The Long Beach City Council on Tuesday adopted a $3.2 billion budget that will stave off cuts and attempt to grow new revenue streams to make up for the eventual loss of oil revenue and a $38 million shortfall that must be reconciled in coming years.

Councilmembers adopted the budget after weeks of briefings from individual city departments on their proposed budgets to help retain and attract employees amid a shortage of workers, as well as ambitious construction plans to revamp the city ahead of the 2028 Olympics.

The budget vote Tuesday was completed with little council deliberation and nearly no adoption-night additions to the document that will guide the city’s spending for the next 12 months, likely an indicator of how inflexible the city’s finances are with COVID relief funding running out and the increasing cost of providing city services.

Mayor Rex Richardson said that the budget shared the values of the broad and diverse city and said it showed the city was taking significant steps to address its challenges.

“I always say government builds structure, the community tells you where you got it wrong,” Richardson said. “The only way to get it right is clear communication.”

Plenty of community members turned out Tuesday night to urge the council to not only adopt proposed investments in things like a tenant right-to-counsel program, which will help pay for lawyers to represent renters facing eviction, but also asked the council to expand that program and make the funding permanent.

Last month, the council’s Budget Oversight Committee pledged to add $500,000 to the program that the city had already proposed giving $1 million, however, that additional money will only come if there is additional money found after the current year’s budget closes.

Advocates had pushed for an additional $900,000 this year and hoped the city would continue to build on it in the future. Advocates say that cost could rise to as much as $9.5 million annually but it could save the city even more money by not having to pay for emergency shelters or other homeless services because people could remain housed.

The budget also included funding for studies to look at how the city could reconfigure the Long Beach Convention Center, potentially to make room for a stadium or other attraction, as well as the potential for adding a concert venue in the parking lot of the Queen Mary.

Those two items were recommendations made by Richardson, who has pushed for the city to expand its tax revenue base because of the looming loss of oil in 2035 or sooner.

A statewide law that could be reaffirmed by voters next year threatens about half of the city’s oil production, according to officials, and could cost the city tens of millions per year in lost production. Drawing more tourists and businesses to the city is part of Richardson’s “Opportunity Beach” plan to offset the loss of oil money.

Richardson’s recommendations also included a call to invest in West Long Beach by potentially creating a “promise zone” in the area, which could include a business improvement district for the area and efforts to reduce pollution in the area and add green space to the park-starved area of the city.

People also turned out Tuesday to enter last-minute demands for things like a coordinator position to implement the city’s “Vision Zero” plan to eliminate traffic deaths as well as additional funding for translation services and the city’s animal shelter.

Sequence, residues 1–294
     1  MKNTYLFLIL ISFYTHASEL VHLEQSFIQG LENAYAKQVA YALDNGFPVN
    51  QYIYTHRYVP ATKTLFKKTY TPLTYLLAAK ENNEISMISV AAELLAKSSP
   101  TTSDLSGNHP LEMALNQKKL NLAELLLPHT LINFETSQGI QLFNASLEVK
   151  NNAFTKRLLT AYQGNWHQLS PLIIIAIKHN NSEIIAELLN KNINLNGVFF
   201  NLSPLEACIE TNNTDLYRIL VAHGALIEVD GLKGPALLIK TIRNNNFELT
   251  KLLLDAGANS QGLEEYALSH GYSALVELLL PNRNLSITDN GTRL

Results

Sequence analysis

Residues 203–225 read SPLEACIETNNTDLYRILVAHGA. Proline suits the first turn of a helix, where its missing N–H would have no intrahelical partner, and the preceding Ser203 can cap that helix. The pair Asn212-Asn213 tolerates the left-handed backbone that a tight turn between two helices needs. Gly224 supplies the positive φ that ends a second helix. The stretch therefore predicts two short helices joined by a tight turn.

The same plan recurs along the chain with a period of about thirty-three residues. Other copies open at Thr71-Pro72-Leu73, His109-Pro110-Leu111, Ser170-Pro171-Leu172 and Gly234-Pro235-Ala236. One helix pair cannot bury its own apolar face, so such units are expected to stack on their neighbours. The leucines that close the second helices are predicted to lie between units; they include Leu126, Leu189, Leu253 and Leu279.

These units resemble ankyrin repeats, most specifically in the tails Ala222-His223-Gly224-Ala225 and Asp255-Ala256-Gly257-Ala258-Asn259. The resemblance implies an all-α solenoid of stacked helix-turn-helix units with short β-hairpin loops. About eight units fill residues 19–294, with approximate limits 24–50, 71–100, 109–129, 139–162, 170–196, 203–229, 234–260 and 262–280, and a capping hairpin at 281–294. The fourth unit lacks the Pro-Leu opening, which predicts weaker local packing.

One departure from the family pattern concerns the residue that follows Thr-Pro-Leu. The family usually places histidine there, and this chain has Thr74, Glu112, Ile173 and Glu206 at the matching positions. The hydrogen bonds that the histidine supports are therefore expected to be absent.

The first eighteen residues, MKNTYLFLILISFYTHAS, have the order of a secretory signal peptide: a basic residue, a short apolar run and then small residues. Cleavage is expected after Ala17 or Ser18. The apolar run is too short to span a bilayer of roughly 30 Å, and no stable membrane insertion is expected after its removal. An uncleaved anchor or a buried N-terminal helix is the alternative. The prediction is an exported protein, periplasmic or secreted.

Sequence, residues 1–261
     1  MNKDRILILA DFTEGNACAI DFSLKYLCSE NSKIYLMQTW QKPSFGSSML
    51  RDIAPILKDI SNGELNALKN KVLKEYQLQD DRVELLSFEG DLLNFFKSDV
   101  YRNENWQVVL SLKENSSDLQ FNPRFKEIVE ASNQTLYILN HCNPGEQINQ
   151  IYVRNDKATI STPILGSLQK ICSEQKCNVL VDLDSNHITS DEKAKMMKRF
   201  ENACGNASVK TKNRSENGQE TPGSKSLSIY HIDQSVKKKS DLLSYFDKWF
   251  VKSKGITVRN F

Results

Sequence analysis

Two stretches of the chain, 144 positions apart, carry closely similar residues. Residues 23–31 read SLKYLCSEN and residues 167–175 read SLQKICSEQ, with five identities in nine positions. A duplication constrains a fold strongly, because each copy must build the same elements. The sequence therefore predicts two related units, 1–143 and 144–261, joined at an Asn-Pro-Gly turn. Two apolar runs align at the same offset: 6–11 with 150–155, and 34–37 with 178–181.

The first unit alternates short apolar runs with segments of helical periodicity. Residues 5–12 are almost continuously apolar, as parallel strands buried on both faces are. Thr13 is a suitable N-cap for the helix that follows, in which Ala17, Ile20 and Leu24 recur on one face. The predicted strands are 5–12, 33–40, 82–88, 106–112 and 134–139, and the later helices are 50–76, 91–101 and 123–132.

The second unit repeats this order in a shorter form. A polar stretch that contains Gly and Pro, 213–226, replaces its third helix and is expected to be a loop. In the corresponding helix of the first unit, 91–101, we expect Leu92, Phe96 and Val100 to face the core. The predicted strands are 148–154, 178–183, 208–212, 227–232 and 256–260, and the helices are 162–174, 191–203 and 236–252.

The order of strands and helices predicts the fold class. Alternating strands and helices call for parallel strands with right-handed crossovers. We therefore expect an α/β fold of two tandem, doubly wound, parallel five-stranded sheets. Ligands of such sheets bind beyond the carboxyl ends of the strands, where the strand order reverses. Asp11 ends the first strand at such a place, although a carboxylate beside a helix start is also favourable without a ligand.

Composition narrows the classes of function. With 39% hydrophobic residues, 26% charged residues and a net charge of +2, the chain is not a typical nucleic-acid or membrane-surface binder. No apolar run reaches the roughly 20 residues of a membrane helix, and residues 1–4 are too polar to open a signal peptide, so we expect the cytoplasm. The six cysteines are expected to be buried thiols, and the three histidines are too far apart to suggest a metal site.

Advocates pointed to the 45 traffic deaths recorded in the city in 2022 and the still unfilled position and questioned if enough was being done. Public Works officials said the department was restructuring its department and has added traffic engineers and other positions to help focus on street safety.

“These changes will help us do that and give us more resources than we’ve had,” said Public Works Director Eric Lopez.

City Manager Tom Modica said the city offers about $2 million in skill pay annually to employees who speak other languages, which helps the city communicate with non-English speakers and said the city will look to bill individual departments in the future so there is more financial support for the city’s language access program.

A request from Councilmember Daryl Supernaw could add an additional $250,000 for the shelter’s spay and neuter services. Similarly to the tenant-right-to-counsel funding, the additional dollars for the shelter will be contingent on the current year’s budget over-performing.

One big unknown remains for the city despite the council adopting the budget Tuesday night. The city’s largest employee union, the International Association of Machinists and Aerospace Workers, has yet to reach an agreement with the city on a new contract.

Union members were at Tuesday’s meeting holding up signs reading “We Run This City” and called for a fair contract as city employees were “trying to survive.”

“Your employees are seeking a fair contract, not to live in El Dorado Park Estates, not to drive a Lamborghini, a new car, not to send their kids to private school, not to live in the Virginia Country Club,” said Sheridan Cazarez, a city library employee and IAM shop steward. “Your employees are seeking wages to survive.”

The union of nearly 3,000 members represents employees across multiple city departments and its contract has been under negotiation since the beginning of the year.

Long Beach’s new fiscal year begins Oct. 1. The City Council will take another procedural vote to approve the budget at its Sept. 12 meeting before the new spending plan can take effect.

Editors note: An original version of the story said City Manager Tom Modica proposed the additional shelter funding. It was proposed by Councilmember Supernaw and Modica helped with the language of the request. 

Jason Ruiz covers City Hall and politics for the Long Beach Post. Reach him at [email protected] or @JasonRuiz_LB on Twitter.